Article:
To make it overall easier in terms of the amount of food I must carry, and might as well shed a pound while i'm at it.


    Also, make sure you have something to reseal your canned food in after you open it.
    I'll most likely be eating the whole thing within 5 minutes anyway. The can should be useful for heating stuff in over the fire. I don't plan to do a lot of cooking, and so wont be bringing any pans and stuff (it's possible to improvise cooking implements anyway should I need to). But I do want to bring like a thin, flat, sturdy aluminum hot plate/long spathula or something like that.

  8. #8
    Senior Member Phoenix_400's Avatar
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    Sounds like you've gotten some great advice and done your homework. I remember reading a lot of these tips when I started trying to get set-up for backpacking.

    Make your own trail mix: I mix unsalted peanuts, crushed walnuts, pecan halves, raisins, m&m's and coconut flakes.

    I'm banged up enough and just flat out don't have a lot of time right now, so I usually only do day hikes now. My day-pack has enough gear for if I have to camp in an emergency though. I keep a small molle medic pouch on the outside of my pack (that I can unsnap and clip to my belt) with the following:
    1 x Sandwich bag of trail mix
    1 x Sandwich bag of beef jerky,
    2 x Pack of peanut butter crackers (the 6 per pack ones)
    2 x Peanut butter chocolate chip power bars.
    Plus my camelbak has a 100oz water reservoir in it.

    Its not the best mix of food (certainly wouldn't work for an extended trip), but it works for my purposes and its all stuff that I can eat on the move.
    "People in glass houses shouldn't use Windex when living near bird sanctuaries."- myself

    "We are never alone my friend. We are constantly in the company of victories, losses, strengths and weaknesses. Make no mistake, life is war...and war is hell. Those who fight the hardest will suffer the most...but that's what you have to do: Fight. As long as you're feeling pain, then there's hope...because only the dead do not suffer." -RD Metcalf
    [SIGPIC][/SIGPIC]

  9. #9
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    I'd advise against coconuts (unless already shaved) and canned food. Preparing them is too burdensome and when it comes to food generally you want as little of the weight and space it takes up to be inedible. Doubled up plastic bags of trail mix, dried meat, etc. provides a much better weight/calorie ratio and the bags take up no space when they're empty. Cans, on the other hand... you get my point. If you're going a decent distance, most of what you'll eat will be on hiking breaks so it's best to focus on foods that don't require prep and only portion the foods requiring prep for dinner after camp is set up and possibly breakfast.

    Also, remember that at higher altitudes the body's digestion is much slower. The higher you climb, the more you'll want to avoid long digesting foods high in fat or protein (saturate your system with this before you get into high altitudes) and stick to carbs. (I like to take a few snickers bars on summit day).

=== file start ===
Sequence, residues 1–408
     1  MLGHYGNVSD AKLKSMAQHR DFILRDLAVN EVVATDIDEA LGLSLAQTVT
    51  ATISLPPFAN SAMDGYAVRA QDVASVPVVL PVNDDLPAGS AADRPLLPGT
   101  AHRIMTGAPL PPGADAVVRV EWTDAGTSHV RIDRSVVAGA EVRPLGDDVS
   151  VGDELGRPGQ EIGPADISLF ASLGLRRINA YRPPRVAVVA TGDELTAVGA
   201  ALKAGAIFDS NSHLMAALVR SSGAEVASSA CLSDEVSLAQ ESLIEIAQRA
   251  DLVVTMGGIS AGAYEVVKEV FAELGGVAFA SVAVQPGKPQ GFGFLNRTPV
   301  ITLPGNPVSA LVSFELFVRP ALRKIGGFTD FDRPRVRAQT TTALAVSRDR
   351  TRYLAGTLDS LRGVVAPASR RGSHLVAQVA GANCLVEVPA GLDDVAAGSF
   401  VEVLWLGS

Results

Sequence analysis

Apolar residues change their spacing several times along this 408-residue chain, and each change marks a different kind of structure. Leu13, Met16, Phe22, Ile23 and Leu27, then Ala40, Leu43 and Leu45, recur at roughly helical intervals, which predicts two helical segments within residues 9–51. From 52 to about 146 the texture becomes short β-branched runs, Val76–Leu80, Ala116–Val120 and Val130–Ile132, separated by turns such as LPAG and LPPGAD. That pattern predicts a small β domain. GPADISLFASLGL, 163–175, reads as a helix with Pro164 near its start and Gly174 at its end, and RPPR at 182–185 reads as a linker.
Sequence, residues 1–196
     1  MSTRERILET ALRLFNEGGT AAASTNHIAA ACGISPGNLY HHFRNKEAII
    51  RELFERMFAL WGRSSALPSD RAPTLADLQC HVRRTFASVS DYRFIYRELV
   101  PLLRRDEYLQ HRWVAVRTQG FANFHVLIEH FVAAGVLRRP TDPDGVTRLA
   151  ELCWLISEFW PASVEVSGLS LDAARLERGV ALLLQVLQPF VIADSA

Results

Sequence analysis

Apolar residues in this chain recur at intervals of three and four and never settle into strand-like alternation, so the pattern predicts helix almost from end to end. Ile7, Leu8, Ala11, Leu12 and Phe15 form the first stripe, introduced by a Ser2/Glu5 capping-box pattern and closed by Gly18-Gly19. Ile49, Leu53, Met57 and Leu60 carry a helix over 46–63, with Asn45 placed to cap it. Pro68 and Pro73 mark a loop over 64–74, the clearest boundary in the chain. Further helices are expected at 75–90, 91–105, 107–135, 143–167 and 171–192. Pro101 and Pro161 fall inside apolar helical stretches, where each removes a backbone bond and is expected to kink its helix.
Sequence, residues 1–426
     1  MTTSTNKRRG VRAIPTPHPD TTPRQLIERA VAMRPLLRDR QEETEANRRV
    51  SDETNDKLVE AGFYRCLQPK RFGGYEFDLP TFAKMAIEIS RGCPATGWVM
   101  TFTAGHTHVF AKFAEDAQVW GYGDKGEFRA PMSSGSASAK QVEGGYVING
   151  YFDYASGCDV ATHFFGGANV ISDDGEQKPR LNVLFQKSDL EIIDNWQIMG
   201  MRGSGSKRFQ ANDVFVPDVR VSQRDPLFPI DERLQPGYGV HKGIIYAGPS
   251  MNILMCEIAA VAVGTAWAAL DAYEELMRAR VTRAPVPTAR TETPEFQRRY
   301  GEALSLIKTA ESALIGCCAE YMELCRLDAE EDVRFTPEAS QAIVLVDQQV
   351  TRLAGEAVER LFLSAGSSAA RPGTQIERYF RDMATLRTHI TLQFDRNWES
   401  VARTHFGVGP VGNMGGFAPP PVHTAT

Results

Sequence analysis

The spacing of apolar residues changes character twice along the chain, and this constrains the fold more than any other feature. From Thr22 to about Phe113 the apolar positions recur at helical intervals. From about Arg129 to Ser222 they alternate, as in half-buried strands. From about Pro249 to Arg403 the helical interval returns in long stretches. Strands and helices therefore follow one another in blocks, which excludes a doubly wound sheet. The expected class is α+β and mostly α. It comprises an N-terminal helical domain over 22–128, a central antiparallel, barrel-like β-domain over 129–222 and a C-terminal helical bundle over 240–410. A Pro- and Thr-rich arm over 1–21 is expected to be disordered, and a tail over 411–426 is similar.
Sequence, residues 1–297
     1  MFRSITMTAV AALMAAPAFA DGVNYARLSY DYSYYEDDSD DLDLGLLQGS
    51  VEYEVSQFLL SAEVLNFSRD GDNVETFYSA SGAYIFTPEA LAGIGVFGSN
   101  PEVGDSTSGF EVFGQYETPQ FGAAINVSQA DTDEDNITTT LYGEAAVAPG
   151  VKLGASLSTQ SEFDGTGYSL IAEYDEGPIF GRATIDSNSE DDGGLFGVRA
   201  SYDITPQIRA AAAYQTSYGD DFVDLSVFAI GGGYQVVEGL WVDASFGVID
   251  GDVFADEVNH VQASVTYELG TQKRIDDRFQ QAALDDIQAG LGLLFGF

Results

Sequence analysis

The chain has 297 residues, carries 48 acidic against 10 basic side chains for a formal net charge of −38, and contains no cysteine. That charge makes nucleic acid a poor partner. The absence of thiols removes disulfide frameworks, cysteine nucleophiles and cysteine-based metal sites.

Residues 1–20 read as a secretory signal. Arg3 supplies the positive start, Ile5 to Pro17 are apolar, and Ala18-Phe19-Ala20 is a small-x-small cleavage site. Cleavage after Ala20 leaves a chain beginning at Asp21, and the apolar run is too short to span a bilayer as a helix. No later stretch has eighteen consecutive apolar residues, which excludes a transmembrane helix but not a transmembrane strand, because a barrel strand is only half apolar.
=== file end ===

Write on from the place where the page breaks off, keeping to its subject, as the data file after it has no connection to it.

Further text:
If you aren't taking a stove and pot, what is your plan for water? Do you know you can make camp near a fresh stream every night, or plan to use chemicals?

  10. #10
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    Quote Originally Posted by foolish heart View Post
    I'd advise against coconuts (unless already shaved) and canned food. Preparing them is too burdensome and when it comes to food generally you want as little of the weight and space it takes up to be inedible. Doubled up plastic bags of trail mix, dried meat, etc. provides a much better weight/calorie ratio and the bags take up no space when they're empty. Cans, on the other hand... you get my point. If you're going a decent distance, most of what you'll eat will be on hiking breaks so it's best to focus on foods that don't require prep and only portion the foods requiring prep for dinner after camp is set up and possibly breakfast.
    They're not that difficult, I eat them all the time. The better the knife you have, the easier they are to eat. Plus they can carry a nice amount of coconut water, which is great for rehydrating yourself on/after long hikes. Most of the food I mentioned is easy to snack on while on the trail, the rest of it requires as much preparation is opening a can or bag, and that's about it. You're not exactly pressed for time when you have camp set up and you're just out in the woods all day :P .

    Also, remember that at higher altitudes the body's digestion is much slower. The higher you climb, the more you'll want to avoid long digesting foods high in fat or protein (saturate your system with this before you get into high altitudes) and stick to carbs. (I like to take a few snickers bars on summit day).
    That's interesting, makes sense considering the lack of oxygen higher up. I was worried about that anyway considering how my system usually handles fatty foods and some proteins. At 5000 feet it shouldn't be too bad though. I've been up there before, and it's juuust high enough to make the air feel thinner, but not too bad.

    If you aren't taking a stove and pot, what is your plan for water? Do you know you can make camp near a fresh stream every night, or plan to use chemicals?
    If I had to I'd just use a campfire, ya know, the kind you make on the earth that burns wood :P . Don't know what it is with people and camping stoves. Carrying them is more inconvenient than knowing how to make a safe fire, and just setting it up when you get to camp. It seems almost foolish for people to be camping/backpacking and not even know how to make a fire without a stove (not saying you don't, but in general). And if i needed to, I could boil water in the couple of cans I'll be bringing, as I mentioned above. Shouldn't be an issue though because it'll be in a more or less developed campsite with spring water for drinking. Otherwise I'd bring a water filter.